Silicon nanosheets are thin, two-dimensional layers with exceptional optoelectronic properties very similar to those of graphene. Albeit, the nanosheets are less stable. Now researchers at the Technical University of Munich (TUM) have, for the first time ever, produced a composite material combining silicon nanosheets and a polymer that is both UV-resistant and easy to process. This brings the scientists a significant step closer to industrial applications like flexible displays and photosensors.

Silicon nanosheets are thin, two-dimensional layers with exceptional optoelectronic properties very similar to those of graphene. Albeit, the nanosheets are...

Im Focus: Researchers Imitate Molecular Crowding in Cells

Enzymes behave differently in a test tube compared with the molecular scrum of a living cell. Chemists from the University of Basel have now been able to simulate these confined natural conditions in artificial vesicles for the first time. As reported in the academic journal Small, the results are offering better insight into the development of nanoreactors and artificial organelles.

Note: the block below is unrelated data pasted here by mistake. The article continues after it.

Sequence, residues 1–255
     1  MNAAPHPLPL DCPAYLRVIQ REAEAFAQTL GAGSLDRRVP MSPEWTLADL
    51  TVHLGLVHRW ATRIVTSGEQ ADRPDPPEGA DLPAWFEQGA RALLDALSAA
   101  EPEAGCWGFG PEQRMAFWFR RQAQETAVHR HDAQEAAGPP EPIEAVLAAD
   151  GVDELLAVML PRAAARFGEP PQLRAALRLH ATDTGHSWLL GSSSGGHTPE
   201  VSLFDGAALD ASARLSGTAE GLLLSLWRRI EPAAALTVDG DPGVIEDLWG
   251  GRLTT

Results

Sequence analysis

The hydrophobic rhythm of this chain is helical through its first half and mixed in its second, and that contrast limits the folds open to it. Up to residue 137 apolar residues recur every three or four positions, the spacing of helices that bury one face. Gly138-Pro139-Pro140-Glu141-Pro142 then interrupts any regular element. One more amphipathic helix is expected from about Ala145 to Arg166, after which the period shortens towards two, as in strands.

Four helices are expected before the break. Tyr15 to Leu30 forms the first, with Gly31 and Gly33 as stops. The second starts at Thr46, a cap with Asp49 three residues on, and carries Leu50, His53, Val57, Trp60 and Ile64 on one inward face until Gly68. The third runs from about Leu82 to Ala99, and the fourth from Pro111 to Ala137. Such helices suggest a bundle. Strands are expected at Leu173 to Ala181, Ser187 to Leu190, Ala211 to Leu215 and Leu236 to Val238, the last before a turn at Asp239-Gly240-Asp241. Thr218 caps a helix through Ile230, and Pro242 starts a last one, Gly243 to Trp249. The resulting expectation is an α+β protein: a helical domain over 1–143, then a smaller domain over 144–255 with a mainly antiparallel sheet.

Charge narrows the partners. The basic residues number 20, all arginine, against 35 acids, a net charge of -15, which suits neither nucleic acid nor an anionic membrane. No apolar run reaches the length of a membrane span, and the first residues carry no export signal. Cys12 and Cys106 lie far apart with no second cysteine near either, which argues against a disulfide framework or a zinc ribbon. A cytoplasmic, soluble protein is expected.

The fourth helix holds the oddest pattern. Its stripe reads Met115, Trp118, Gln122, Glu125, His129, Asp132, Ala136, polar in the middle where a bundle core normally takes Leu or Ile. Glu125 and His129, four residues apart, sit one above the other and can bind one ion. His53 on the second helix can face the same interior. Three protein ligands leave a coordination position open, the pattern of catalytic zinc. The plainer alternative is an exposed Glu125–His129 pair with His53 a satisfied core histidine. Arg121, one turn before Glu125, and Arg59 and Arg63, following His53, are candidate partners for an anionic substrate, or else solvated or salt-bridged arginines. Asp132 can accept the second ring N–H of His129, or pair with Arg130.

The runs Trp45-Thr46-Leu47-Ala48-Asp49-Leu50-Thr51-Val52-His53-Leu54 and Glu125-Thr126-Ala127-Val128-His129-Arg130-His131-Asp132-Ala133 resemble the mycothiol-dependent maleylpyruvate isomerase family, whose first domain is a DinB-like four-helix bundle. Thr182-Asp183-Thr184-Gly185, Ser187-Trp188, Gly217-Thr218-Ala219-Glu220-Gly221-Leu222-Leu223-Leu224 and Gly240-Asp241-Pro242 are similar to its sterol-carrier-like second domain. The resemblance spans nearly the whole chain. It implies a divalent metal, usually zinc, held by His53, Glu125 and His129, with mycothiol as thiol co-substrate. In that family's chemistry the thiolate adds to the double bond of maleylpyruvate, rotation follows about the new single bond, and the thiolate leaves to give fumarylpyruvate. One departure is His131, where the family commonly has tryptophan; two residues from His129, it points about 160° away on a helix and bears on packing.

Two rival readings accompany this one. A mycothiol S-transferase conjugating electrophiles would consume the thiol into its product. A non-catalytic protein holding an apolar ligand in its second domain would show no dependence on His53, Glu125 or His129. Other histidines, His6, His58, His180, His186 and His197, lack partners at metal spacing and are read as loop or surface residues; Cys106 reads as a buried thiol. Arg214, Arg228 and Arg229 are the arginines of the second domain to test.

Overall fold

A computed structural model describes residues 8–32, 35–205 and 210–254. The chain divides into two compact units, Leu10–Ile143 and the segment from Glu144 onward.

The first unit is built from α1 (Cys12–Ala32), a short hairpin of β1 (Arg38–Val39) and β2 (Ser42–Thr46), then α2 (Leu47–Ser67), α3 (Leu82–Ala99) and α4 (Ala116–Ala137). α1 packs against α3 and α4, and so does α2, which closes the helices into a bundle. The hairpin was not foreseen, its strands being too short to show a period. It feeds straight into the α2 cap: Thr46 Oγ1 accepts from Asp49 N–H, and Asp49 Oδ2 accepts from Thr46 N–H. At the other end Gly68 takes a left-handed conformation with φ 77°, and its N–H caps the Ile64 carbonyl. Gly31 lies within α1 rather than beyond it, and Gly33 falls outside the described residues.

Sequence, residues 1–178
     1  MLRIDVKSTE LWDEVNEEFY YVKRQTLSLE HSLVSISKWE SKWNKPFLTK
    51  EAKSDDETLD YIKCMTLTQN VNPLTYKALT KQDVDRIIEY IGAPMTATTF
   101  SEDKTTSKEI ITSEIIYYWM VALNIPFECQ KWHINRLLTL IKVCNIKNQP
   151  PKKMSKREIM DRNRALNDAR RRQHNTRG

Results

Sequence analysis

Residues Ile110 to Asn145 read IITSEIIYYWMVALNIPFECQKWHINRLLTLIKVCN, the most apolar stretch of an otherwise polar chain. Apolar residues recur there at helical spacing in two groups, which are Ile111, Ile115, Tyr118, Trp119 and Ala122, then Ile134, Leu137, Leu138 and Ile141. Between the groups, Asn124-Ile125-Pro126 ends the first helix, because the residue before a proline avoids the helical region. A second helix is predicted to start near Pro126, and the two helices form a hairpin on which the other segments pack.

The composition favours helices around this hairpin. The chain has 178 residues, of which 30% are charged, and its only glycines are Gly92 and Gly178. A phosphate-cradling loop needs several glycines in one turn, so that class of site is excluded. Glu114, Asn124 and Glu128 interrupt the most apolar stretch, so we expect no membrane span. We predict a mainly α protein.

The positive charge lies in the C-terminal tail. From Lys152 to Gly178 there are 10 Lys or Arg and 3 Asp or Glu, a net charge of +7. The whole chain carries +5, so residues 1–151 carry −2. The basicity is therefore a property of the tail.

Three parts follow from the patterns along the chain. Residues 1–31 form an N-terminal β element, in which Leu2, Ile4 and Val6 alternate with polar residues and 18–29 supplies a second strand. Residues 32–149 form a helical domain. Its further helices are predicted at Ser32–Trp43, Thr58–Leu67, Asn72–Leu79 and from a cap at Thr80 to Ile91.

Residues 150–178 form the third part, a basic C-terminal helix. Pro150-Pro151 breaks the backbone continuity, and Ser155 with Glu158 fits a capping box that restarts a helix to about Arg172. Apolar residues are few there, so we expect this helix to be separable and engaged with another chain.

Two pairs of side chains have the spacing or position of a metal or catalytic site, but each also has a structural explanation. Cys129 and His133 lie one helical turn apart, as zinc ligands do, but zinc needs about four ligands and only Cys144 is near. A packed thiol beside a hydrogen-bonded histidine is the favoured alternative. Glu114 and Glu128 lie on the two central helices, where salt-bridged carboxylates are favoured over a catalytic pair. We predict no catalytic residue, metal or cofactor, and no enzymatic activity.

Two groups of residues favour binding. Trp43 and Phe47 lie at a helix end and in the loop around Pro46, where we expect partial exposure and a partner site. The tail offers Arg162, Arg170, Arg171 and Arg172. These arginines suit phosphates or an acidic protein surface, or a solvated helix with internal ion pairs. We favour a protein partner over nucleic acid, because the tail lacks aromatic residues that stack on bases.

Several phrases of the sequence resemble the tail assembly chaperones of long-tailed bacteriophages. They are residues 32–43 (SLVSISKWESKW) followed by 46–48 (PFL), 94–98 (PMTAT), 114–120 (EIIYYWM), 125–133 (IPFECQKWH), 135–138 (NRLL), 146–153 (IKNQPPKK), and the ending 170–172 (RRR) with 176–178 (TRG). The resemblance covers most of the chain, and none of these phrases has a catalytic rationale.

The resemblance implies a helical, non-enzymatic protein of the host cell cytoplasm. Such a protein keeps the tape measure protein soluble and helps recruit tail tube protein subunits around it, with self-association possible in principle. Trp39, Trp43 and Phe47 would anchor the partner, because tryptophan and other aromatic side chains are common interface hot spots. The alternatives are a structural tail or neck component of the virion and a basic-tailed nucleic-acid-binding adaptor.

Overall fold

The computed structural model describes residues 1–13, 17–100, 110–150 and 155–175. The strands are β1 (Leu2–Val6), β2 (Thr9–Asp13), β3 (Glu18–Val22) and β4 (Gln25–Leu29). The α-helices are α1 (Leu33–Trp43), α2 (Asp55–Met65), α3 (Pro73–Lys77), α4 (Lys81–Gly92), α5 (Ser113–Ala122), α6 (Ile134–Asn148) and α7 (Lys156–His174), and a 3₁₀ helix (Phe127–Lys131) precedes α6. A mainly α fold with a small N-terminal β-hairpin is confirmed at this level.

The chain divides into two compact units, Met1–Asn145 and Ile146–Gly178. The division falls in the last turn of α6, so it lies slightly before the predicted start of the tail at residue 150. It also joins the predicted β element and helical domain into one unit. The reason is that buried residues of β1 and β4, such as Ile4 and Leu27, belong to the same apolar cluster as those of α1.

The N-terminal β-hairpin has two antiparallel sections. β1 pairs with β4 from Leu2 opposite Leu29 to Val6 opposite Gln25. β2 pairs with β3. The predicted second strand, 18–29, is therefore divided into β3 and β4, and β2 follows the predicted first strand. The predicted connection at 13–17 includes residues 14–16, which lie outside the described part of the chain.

Enzymes behave differently in a test tube compared with the molecular scrum of a living cell. Chemists from the University of Basel have now been able to...

All Focus news of the innovation-report >>>

Anzeige

Anzeige

Event News

International Land Use Symposium ILUS 2017: Call for Abstracts and Registration open

20.03.2017 | Event News

CONNECT 2017: International congress on connective tissue

14.03.2017 | Event News

ICTM Conference: Turbine Construction between Big Data and Additive Manufacturing

07.03.2017 | Event News

 
Latest News

Argon is not the 'dope' for metallic hydrogen

24.03.2017 | Materials Sciences

Astronomers find unexpected, dust-obscured star formation in distant galaxy

24.03.2017 | Physics and Astronomy

Gravitational wave kicks monster black hole out of galactic core

24.03.2017 | Physics and Astronomy

VideoLinks
B2B-VideoLinks
More VideoLinks >>>